We talk to industry professionals about their choices for the cast of the inevitable feature film

By Chris Nashawaty
Updated December 01, 1995 at 05:00 AM EST

Talk about an out-of-court settlement. Marcia Clark may have crapped out in Judge Lance Ito’s courtroom, but in the wake of the O.J. trial the deputy district attorney has hit the jackpot. Clark’s $4.2 million book deal with Viking-Penguin (which beat out seven other publishers in a bidding war) is the third biggest nonfiction payday ever, following soldier/scribes Colin Powell ($6 million) and Norman Schwarzkopf ($5 million). Though the memoir, due next fall, will no doubt scream Movie-of-the-Week, the litigator reportedly won’t even consider offers for small-screen adaptations, only feature films. Which raises the question of casting. A few choices from the professionals:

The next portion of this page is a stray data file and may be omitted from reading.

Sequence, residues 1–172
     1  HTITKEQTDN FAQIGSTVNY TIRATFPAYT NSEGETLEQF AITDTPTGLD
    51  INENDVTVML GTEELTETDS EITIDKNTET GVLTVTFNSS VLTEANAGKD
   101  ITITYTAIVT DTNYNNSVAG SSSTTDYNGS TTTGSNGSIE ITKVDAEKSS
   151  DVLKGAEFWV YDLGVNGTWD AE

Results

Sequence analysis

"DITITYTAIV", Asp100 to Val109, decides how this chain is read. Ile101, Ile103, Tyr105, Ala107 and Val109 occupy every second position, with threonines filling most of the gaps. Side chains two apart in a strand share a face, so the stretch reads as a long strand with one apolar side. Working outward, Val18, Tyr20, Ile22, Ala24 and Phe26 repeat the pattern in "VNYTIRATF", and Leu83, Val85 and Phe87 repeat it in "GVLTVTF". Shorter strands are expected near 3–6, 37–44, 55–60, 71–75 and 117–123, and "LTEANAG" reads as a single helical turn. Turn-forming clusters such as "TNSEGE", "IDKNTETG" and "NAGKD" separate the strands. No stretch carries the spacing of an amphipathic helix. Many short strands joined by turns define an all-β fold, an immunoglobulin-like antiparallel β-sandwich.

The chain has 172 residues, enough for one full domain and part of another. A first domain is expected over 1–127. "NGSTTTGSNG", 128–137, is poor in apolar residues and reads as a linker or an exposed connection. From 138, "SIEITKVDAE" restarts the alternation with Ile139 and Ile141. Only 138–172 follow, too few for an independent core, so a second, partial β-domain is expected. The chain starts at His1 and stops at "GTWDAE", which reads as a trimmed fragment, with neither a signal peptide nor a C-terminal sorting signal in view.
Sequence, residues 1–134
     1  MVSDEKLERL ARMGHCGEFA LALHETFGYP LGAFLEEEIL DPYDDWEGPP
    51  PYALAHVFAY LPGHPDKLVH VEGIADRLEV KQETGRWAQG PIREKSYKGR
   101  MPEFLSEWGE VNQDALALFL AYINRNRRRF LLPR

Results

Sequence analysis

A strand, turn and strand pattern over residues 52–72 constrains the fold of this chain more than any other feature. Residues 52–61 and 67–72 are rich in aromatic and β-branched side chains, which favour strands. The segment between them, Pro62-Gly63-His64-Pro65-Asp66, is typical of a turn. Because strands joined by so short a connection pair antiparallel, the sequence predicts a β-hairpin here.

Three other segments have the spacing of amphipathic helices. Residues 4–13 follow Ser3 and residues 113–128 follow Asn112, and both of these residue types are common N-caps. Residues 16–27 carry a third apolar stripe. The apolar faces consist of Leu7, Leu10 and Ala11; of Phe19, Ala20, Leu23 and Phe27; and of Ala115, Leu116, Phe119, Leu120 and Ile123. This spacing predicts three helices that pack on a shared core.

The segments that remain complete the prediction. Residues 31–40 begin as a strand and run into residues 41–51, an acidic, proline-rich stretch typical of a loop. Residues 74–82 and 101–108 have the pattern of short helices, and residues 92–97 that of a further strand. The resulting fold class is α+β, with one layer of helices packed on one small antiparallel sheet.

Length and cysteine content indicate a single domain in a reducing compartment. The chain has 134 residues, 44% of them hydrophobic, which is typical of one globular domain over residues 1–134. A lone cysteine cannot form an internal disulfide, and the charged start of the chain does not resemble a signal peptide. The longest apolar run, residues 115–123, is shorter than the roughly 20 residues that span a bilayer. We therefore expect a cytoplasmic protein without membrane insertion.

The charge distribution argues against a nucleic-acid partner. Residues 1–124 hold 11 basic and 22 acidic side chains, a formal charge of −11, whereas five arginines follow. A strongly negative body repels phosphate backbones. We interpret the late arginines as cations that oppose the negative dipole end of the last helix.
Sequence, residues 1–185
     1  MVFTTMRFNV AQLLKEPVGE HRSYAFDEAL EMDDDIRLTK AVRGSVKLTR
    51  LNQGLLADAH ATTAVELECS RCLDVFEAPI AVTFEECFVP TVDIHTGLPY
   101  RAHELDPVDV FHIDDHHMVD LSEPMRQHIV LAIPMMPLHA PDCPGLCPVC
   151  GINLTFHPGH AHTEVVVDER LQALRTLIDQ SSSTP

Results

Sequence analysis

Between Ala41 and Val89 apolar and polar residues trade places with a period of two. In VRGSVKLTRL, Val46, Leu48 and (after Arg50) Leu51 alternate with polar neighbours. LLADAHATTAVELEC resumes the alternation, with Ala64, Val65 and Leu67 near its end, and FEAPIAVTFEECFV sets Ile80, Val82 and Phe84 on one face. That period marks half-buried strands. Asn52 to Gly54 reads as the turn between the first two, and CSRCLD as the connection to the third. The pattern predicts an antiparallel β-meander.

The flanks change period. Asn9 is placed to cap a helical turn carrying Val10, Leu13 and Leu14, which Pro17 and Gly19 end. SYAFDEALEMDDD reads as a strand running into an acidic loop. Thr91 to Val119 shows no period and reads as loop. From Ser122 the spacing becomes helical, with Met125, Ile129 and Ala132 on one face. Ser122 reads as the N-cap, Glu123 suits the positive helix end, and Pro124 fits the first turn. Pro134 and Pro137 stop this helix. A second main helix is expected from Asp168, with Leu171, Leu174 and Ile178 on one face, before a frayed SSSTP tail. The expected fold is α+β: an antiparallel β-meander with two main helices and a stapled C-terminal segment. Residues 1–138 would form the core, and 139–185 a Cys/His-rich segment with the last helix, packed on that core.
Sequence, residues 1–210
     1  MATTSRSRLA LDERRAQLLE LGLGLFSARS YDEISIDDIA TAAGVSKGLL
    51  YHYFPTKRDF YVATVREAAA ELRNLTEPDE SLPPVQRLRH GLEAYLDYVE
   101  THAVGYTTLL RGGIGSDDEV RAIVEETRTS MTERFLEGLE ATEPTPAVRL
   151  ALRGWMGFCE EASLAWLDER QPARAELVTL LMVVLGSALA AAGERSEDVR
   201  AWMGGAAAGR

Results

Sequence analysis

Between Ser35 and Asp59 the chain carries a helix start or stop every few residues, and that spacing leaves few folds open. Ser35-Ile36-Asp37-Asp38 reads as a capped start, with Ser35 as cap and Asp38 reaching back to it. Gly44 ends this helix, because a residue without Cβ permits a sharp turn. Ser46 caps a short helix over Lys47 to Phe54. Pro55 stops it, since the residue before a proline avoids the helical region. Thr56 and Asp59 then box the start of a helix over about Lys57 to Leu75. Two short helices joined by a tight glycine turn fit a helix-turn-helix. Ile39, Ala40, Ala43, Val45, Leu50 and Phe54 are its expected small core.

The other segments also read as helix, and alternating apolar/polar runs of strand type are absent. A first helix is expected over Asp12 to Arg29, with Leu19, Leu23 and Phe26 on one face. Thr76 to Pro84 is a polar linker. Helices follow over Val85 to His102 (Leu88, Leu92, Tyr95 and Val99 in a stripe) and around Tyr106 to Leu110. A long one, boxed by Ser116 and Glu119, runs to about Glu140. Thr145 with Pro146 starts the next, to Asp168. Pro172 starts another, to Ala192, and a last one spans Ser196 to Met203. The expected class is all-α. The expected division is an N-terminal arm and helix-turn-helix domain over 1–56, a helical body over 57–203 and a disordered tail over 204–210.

As Marcia Clark, Susan Sarandon. ”I know she already did The Client,” says casting director Billy Hopkins (Nixon). ”Too bad; she’s perfect. But since she’s so politically correct, she probably wouldn’t do it.”

As Robert Shapiro, Jon Lovitz. ”Lovitz looks like him, plus he can talk out of both sides of his mouth,” says caster Janet Hirshenson (Apollo 13). Hopkins disagrees: ”Is Martin Landau too old? Who cares? [Landau] just seems right. He’d have to go to a tanning salon, though.”

As Johnnie Cochran, Samuel L. Jackson. ”Because of his sheer charisma. They both have it,” says Hirshenson. Hopkins offers Lou Gossett Jr., Danny Glover, and Bill Cosby as runners-up.

As Chris Darden, Laurence Fishburne. Hopkins picks the Just Cause actor. Hirshenson prefers Andre Braugher from Homicide: ”He has this quiet intensity.”

As Judge Ito, Pat Morita. Mr. Miyagi from The Karate Kid saga is Hirshenson’s top choice, but Hopkins might go with another Ito: ”Quincy‘s sidekick (Robert Ito) would be perfect — and they have the same last name.” Hopkins adds that either actor would be preferable to Hollywood’s past choices. ”In the old days, they probably would’ve cast Mickey Rooney.”